The seating spring assembly is preferably formed in an automatic manner and may be formed by the use of a machine of the type schematically illustrated in FIG. 1. This machine includes a spring wire feed or support bed 40 supporting the lower end of a spring wire supply chute 41 in which the sinuous spring wires 10-16 are vertically stacked. A spring wire feed plate 42 is supported for horizontal reciprocation on the feed plate 40. The feed plate 42 is reciprocated by connector links 43 connected to cam wheels 44 which are rotated in a step-by-step manner by a shaft 45. Each time the feed plate 42 is moved forwardly, it engages and moves the lowermost sinuous spring wire along the feed plate 40, pushing any preceding spring wires along the feed plate 40. An end wire supply chute 46 is provided for retaining a supply of the end wires 25 therein and for successively feeding the same, at the proper time, downwardly into a position in advance of the spring wire supply chute 40. The lower end of the end wire supply chute 46 is provided with a suitable gate type mechanism, not shown, for releasing a single back wire 25 at the proper timed location directly behind the endmost spring wire 16.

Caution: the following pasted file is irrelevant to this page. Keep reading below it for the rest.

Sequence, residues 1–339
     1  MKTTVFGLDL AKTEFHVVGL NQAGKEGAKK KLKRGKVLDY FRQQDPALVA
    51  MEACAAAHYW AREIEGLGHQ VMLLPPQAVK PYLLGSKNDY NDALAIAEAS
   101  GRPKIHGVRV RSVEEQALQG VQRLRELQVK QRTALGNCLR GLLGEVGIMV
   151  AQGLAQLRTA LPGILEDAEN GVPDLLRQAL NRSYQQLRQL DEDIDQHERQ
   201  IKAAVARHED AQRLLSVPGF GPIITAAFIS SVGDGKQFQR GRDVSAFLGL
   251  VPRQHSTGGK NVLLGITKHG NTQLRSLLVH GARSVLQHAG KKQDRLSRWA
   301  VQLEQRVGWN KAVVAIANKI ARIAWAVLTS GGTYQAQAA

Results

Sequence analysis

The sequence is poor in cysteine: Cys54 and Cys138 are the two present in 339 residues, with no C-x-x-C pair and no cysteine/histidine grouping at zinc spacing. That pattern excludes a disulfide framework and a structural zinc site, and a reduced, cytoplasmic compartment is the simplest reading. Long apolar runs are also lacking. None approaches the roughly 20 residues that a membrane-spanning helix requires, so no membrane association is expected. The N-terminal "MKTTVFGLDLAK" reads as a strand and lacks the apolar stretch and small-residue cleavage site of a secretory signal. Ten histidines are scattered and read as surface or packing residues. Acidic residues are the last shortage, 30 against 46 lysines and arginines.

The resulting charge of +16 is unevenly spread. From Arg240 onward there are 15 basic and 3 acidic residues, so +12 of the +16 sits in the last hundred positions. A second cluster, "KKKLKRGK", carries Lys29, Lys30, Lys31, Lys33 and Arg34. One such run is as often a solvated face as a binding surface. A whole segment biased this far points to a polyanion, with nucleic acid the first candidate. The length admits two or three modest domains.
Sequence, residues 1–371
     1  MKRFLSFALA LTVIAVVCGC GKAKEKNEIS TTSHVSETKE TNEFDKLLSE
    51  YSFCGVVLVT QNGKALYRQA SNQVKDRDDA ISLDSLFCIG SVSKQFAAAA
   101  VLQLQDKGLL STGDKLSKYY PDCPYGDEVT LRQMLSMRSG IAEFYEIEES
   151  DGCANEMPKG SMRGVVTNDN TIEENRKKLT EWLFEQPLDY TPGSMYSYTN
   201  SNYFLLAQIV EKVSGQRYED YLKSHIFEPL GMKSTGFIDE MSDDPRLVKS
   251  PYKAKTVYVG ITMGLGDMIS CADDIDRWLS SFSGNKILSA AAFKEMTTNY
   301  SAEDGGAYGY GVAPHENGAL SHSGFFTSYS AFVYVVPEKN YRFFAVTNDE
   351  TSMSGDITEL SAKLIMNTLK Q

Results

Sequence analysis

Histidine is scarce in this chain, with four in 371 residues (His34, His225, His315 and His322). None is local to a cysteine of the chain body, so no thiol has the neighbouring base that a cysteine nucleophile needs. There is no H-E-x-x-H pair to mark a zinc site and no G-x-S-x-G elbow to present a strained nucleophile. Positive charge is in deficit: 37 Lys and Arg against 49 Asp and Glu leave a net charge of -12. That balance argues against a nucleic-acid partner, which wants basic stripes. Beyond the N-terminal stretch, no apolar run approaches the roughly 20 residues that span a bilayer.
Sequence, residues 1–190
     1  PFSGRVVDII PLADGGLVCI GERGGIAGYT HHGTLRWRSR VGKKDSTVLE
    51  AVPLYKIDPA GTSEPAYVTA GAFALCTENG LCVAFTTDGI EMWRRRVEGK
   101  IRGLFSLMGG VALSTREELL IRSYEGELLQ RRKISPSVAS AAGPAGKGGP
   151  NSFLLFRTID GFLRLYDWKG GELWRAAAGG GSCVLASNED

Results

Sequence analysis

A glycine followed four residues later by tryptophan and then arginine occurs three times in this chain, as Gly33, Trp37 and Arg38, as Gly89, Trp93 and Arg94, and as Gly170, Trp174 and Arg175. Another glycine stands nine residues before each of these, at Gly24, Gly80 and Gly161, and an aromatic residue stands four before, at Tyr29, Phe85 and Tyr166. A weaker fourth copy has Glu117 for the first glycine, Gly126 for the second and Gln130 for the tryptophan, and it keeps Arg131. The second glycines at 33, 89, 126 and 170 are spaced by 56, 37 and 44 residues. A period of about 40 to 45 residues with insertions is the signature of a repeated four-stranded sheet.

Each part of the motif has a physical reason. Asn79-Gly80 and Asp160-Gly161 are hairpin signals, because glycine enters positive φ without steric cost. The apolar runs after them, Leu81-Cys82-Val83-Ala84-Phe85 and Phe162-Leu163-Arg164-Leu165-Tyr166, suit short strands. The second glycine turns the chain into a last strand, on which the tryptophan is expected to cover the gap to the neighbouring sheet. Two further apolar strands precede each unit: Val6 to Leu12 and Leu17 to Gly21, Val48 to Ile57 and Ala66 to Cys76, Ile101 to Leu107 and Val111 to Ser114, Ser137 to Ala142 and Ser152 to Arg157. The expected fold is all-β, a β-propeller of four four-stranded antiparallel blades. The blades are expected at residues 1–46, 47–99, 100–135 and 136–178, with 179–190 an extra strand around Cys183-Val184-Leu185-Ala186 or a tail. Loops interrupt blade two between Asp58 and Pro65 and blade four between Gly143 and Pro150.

A series of clamping and spot welding electrodes 51, 52 (FIG. 3) is supported for operation on a vertically movable operating housing 50 (FIG. 1). Five pairs of such spot welding electrodes 51, 52 are illustrated in FIG. 1 as being supported on the housing 50 and the upper ends of one set of the spot welding and clamping electrodes is illustrated in FIG. 3 where the electrodes are shown in clamping position to form an intermediate spot weld 22 connecting the touching portions of adjacent spring wires 10 and 11. The clamping and spot welding electrodes 51, 52 are raised upwardly through spaced apart openings 53 in the feed plate 40 to secure each spring wire to the preceding spring wire by the spot welds 20, 21 and 22.